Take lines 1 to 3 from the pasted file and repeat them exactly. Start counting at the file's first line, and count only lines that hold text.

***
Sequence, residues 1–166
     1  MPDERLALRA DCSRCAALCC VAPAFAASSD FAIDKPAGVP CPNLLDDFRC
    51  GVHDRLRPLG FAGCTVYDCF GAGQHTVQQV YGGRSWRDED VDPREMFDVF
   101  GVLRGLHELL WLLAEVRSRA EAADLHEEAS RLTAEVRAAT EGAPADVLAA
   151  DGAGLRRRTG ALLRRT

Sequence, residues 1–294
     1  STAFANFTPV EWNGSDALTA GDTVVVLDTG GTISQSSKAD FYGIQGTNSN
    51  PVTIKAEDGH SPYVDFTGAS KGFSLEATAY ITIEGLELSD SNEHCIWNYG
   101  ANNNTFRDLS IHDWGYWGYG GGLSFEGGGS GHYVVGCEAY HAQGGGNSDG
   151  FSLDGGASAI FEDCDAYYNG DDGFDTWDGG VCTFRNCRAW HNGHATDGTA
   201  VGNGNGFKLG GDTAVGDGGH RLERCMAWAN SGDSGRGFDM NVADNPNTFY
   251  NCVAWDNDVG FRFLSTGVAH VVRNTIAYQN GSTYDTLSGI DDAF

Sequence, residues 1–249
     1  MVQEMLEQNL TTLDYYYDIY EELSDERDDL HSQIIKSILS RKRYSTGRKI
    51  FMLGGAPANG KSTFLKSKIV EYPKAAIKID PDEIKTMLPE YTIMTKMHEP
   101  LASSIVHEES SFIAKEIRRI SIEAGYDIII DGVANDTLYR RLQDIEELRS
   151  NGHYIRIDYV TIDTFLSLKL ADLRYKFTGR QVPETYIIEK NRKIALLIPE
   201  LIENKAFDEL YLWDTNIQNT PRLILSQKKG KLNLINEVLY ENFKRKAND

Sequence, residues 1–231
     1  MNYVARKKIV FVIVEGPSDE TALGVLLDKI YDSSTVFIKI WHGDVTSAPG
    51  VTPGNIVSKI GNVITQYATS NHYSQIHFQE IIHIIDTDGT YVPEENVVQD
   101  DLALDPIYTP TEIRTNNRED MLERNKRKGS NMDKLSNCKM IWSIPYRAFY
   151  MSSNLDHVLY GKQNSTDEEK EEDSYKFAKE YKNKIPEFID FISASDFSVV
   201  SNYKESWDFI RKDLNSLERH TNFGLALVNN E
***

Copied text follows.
Sequence, residues 1–166
     1  MPDERLALRA DCSRCAALCC VAPAFAASSD FAIDKPAGVP CPNLLDDFRC
    51  GVHDRLRPLG FAGCTVYDCF GAGQHTVQQV YGGRSWRDED VDPREMFDVF